The first order of business is trying to keep us alive and a better quality of life. I had that for a while. Counts were mostly in the normal, except platelets. They’re presently at 29,000, after Houston last month I didn’t feel well so I went to the doctor and they ordered a CBC. Everything was still stable, but the platelets dropped in a matter of days, from 34,000 to 27,000 and pretty much held there all month. This is the scariest thing I deal with…
There’s no drug here that works forever, and I have been through them. I’m afraid the drug is starting to fail me. I’m tired so much, lots of pain, muscle spasms that are torture, I can’t sleep by a few hours at a time. Perhaps the stress in my life is overwhelming me and bringing about all these symptoms. I just don’t know Zhen. The drug does work Zhen, but perhaps two years maybe all it will be doable for me. As always, wait and see….
(By April, 2016 Peppe posts about complications to an MF Facebook page.)
My visit with Dr V was very informative. It seems my huge spleen has caused me to have cirrhosis of the liver. The spleen size has become very serious. We have to reduce the size quickly. If we don’t I’m at high risk that the pressure in my liver will cause the blood in the liver to back flow into my esophagus. I have veins that are forming to help release the pressure but it’s not enough. I have portal hypertension. Dr V and I agree not to remove my spleen, unless last resort.
(April 17 2016. In an email Voncille talks about her need to reach out.)
From the very moment I began to learn about my dx I always had the interest of others in mind as well as my own. What if my son’s, my future grandchildren and beyond would be dx with this? There was no cure, no drugs, barely any studies. Local doctors barely new of the cancer, what about all those after me? Someone had to help the doctors. I felt after meeting Dr V, it was me. We needed something besides transplants, when transplant doctors could not give you data, because there was none past 5 yrs.
My current situation has caught me uninformed. I had no idea about this as a possible end to my life. I should have! Zhen, besides looking a little tired I’m the picture of health.
(April 18, 2016, from a letter Voncille wrote to a patient who had undergone SCT and raised funds on-line)
I’m not ready to leave my family, I feel even in my limited body life has just begun. I have a granddaughter named Grace.
She was born right about the time I was Dx in 2006. She has been my life line to fight and not give up. Now I have another grandchild, an adorable blue eyed boy named Gabe. He has lite that fire in my heart and desire to be here to watch him grow, see him walk and talk, and watch my youngest son being a father. Life is good, I need a transplant to live longer. I’ve lived 13 yrs with PMF that we know of through labs. But I have been sick about 20 yrs. I have done 4 studies and Jakafi. Dr V said, if we don’t reduce my spleen size which is putting extreme pressure in my liver, the blood flow will go up and into my esophagus, or the huge veins will rupture and I’ll bleed and possibly die. I’m running out of time. Medicare is going to pay for a study they want SCT vs drugs. Dr Popat said in his email it will start in the next 4 to 6 months. In the mean time we will start a new study to try to shrink the spleen. It’s possible the drug might work, but for how long?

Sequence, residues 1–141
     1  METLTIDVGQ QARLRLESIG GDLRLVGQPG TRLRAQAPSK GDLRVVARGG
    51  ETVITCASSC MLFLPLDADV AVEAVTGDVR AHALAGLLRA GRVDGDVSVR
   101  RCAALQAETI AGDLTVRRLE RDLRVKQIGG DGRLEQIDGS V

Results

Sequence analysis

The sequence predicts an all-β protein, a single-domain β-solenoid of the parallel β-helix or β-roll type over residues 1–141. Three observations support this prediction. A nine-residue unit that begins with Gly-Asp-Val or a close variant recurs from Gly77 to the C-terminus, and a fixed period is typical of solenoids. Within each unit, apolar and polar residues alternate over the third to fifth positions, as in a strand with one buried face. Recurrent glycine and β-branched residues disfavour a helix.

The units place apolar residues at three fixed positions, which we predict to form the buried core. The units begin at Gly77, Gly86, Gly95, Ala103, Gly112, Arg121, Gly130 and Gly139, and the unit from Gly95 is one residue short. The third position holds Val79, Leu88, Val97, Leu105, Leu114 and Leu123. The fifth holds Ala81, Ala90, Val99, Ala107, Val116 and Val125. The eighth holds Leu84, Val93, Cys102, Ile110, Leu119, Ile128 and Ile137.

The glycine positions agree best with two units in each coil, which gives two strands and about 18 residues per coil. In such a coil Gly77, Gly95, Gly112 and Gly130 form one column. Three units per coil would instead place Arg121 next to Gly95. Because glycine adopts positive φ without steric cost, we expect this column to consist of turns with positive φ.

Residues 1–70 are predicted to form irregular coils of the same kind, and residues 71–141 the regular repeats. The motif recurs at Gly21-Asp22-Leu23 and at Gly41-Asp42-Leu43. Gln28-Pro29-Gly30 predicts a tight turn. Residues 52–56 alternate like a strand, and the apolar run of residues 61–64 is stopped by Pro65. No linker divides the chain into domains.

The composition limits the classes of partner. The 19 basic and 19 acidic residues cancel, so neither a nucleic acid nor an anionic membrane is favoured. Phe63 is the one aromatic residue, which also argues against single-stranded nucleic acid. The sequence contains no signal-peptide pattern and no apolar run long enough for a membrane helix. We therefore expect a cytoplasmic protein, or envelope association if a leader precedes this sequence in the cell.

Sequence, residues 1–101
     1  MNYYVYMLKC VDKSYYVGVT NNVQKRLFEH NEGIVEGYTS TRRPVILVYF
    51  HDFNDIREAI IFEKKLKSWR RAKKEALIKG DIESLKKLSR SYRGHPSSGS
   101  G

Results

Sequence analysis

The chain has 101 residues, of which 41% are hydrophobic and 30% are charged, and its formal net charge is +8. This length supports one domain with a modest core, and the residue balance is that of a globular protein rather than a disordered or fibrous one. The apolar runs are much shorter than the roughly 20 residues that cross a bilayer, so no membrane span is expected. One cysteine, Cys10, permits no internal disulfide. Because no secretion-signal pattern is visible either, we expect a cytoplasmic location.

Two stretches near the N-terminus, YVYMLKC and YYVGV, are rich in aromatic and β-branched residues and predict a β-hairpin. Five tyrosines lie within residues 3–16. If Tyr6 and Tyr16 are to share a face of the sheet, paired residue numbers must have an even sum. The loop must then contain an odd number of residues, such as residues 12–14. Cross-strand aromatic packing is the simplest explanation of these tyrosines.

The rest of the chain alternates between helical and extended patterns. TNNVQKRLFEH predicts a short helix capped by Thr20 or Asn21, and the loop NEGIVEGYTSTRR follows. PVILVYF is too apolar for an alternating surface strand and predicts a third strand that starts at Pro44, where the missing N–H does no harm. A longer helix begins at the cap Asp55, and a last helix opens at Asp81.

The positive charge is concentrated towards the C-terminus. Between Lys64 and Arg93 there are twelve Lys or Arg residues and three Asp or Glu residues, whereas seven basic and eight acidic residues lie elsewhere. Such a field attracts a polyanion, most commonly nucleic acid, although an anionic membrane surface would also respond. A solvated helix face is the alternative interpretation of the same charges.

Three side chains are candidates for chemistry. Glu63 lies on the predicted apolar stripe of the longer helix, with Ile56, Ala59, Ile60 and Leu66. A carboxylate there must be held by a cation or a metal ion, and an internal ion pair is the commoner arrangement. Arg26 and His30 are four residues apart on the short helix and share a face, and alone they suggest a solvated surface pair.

After a while they all stop working. So I need to take this small window of time and do this Medicare SCT study. I am on disability and receive about $750.00 a month. My rent is $400.00 and with other personal expenses I can not save for living in Houston. I have asked people here that have the ability to raise money, but there have been no answers. If you can help me in anyway, I would be so grateful. My life has been a difficult one and finally my heart has found happiness and love in my grandchildren and two sons, what a shame to loose it now. Gezzzz while I was typing to you a snake came sliding by me on the patio. A Louisiana Water Moccasin. About 5′ long. Thank god my Yorkie wasn’t out…
(That Fall she wrote she wanted to help patients avoid what she had endured. She was concerned not to mention her doctor, for whom she had great affection and respect.)
October 15, 2016
I know you’re not a fan of clinical studies. I have always felt none of the studies have hurt me in any way. But after having an ultra sound done of my spleen and liver, I now know otherwise. I would like to discuss this with you over the phone in maybe the next few days. You know I have great respect for Dr.____ and would never do anything to hurt him in any way. So I have to have your word we will not use his name, perhaps mine either.
I feel like I have been sacrificed for research Zhen. When I tell you my story you will understand. Perhaps, he was trying to give me as many days, weeks, month or years he could. But, test don’t lie. My reason for coming out of the shadows is to educate others before what happens to me happens to them.
The Stem Cell Transplant, too late.